“The private insurance industry, as it functions today, clearly must be replaced with a system that works” says Don McCann, Senior Health Policy Fellow with PNHP. “So what is the solution proposed by the HCAN coalition? Let’s replace the private insurance industry with… the private insurance industry.”

There were other warning signs. In a press conference launching HCAN, Arlene Holt Baker of the AFL-CIO stated, “If we fail to enact comprehensive reform in the next Congress, employment-based health benefits–the backbone of our health system–will disappear in short order.” Most trade unionists have figured out by now: Job-based health benefits are precisely the problem. They burn up our power at the bargaining table, undermine our ability to speak out at work, make strikes even more risky and miserable, and lock us into jobs long past the date we might have been able to retire. Furthermore, if we’re too sick to work, we’ll lose our insurance, at just the moment we need it the most. Feminists chime in that job and marriage-based insurance makes a woman unnecessarily dependent on her husband–and his employer–for her health care. This is especially true if she is working part-time or raising children full-time. With true national health insurance, your health care doesn’t depend on what job you have, whether you have a job, or your marital status. This should be the goal. Instead, this campaign seems to be rallying us to salvage the current rotten arrangement.

It’s worth asking how we got to the point where groups that want to continue our private insurance system describe themselves as “taking on” the health insurance industry and advocating “guaranteed” health care. The movement to get private insurance out of our health care system has gained momentum as insurance costs have risen. Michael Moore’s film SiCKO introduced a whole new audience to the reality of well-functioning national health care systems in other countries. Unions all over the country have been signing onto HR 676–called a “single-payer” bill because the government (the ‘single-payer’) pays all healthcare costs. HR 676 has been endorsed by 33 state AFL-CIOs and 397 union organizations in 48 states. The U.S. Conference of Mayors signed on June 23. The funding mechanism, similar to that of Medicare, turns out to cost nearly everyone much less than they’re paying now, but allows for full coverage for the whole U.S. population. Around 90 members of Congress are signed on. Meanwhile, insurance company rate hikes and denials hit more and more people.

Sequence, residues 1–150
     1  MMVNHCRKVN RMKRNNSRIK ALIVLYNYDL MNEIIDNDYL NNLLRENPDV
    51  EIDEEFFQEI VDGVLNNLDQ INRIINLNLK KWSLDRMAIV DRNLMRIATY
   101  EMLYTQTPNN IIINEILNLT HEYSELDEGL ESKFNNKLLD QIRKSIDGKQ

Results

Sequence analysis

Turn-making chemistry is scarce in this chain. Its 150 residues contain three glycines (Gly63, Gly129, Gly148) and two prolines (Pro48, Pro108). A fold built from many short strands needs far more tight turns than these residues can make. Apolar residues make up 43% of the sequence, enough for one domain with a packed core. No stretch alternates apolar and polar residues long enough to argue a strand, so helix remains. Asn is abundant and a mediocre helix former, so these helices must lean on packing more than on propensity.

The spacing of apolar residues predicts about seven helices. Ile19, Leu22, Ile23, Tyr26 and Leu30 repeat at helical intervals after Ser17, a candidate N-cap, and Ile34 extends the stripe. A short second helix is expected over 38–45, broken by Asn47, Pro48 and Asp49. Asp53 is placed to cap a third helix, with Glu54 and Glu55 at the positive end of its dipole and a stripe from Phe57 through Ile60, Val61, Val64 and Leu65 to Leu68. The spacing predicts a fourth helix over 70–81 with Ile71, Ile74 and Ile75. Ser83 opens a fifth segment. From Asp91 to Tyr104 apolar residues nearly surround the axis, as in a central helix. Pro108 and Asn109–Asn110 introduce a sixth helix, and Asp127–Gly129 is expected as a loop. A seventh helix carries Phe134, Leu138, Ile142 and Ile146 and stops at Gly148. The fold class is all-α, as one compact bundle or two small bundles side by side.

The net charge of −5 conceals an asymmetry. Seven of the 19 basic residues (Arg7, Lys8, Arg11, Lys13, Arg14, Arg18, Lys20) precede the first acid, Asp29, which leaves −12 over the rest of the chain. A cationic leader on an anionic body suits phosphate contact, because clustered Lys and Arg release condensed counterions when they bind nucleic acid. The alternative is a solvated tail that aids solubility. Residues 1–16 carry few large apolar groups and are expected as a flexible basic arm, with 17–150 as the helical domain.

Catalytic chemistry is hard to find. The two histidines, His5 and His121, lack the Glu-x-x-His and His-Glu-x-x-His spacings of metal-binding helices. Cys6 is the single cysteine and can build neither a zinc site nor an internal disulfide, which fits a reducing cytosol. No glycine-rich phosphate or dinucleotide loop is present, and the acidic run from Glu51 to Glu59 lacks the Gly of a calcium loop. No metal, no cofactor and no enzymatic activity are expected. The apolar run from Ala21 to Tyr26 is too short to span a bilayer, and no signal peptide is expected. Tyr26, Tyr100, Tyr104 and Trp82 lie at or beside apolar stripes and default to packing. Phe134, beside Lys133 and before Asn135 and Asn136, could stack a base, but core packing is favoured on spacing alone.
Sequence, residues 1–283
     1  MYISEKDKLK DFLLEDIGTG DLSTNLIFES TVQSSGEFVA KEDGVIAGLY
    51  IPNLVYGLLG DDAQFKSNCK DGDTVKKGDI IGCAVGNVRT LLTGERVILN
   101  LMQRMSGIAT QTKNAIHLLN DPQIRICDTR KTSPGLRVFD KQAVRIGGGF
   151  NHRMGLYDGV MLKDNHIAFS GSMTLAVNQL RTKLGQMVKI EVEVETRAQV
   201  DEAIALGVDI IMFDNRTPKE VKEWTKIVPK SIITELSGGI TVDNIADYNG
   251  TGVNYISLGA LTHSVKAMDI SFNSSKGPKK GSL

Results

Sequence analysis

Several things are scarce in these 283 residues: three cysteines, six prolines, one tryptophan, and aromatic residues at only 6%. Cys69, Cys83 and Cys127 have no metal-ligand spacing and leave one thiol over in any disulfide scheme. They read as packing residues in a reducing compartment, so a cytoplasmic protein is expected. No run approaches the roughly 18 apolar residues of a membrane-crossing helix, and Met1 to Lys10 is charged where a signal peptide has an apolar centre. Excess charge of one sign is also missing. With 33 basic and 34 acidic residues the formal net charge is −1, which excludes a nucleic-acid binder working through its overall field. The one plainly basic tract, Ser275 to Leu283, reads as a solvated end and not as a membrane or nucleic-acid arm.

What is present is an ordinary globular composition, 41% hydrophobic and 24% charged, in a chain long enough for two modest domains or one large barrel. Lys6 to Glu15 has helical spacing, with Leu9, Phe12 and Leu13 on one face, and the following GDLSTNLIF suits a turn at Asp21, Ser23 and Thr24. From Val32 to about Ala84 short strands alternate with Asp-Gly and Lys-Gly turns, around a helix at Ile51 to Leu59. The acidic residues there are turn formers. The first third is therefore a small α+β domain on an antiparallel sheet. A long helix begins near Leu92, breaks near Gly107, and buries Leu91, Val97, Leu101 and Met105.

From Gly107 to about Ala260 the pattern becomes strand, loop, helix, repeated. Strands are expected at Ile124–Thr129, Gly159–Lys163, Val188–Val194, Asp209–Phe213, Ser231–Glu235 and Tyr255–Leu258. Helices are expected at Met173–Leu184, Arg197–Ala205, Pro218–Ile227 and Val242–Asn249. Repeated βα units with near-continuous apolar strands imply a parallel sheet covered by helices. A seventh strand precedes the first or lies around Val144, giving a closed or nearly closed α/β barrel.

As a result, ‘taking on’ insurance companies is suddenly popular. Groups like MoveOn, which a few years ago would only talk about extending coverage to children, have changed their tune. But they still don’t get it. It’s not about extending our expensive and unreliable private insurance system to 47 million uninsured, it’s about abolishing a system that requires you to have “insurance” to get care. Private insurance companies make money by avoiding sick people. If you want everyone to get the care they need, you don’t regulate such entities, you eradicate them.

Traditional Medicare did just that for a market that the insurance companies didn’t want anyway: people 65 and over. The problems with Medicare were introduced by private insurers and HMOs, which have tried to entice away more profitable subsets of the elderly (only to dump them when they get expensive). As a practical matter, the Medicare experience teaches us that coverage and costs only get worse when private insurers are involved. HR 676 would essentially extend traditional Medicare to everyone, starting at age zero–and entirely eliminate the role of private insurance companies.

Contrast that to HCAN, which would leave insurance companies in place. “We need coverage that meets our families’ health care needs and is affordable, based on a sliding scale” their website states. “We need government to be an advocate for us and set and enforce the rules so insurance companies put our health care before their profits.” But a sliding scale means we have to prove our income–usually every year. And insurance companies are simply machines for making profit. Faced with new regulations, they just break the law until such time as they get caught, or can rewrite the law.

No wonder most people prefer Michael Moore’s admirably brief health care proposal: “1. Every resident of the United States must have free, universal health care for life. 2. All health insurance companies must be abolished. 3. Pharmaceutical companies must be strictly regulated like a public utility.”

Perhaps, you might say, well, it takes all kinds: There will always be the radical groups and then the more liberal groups. At least they’re doing something. What’s the objection?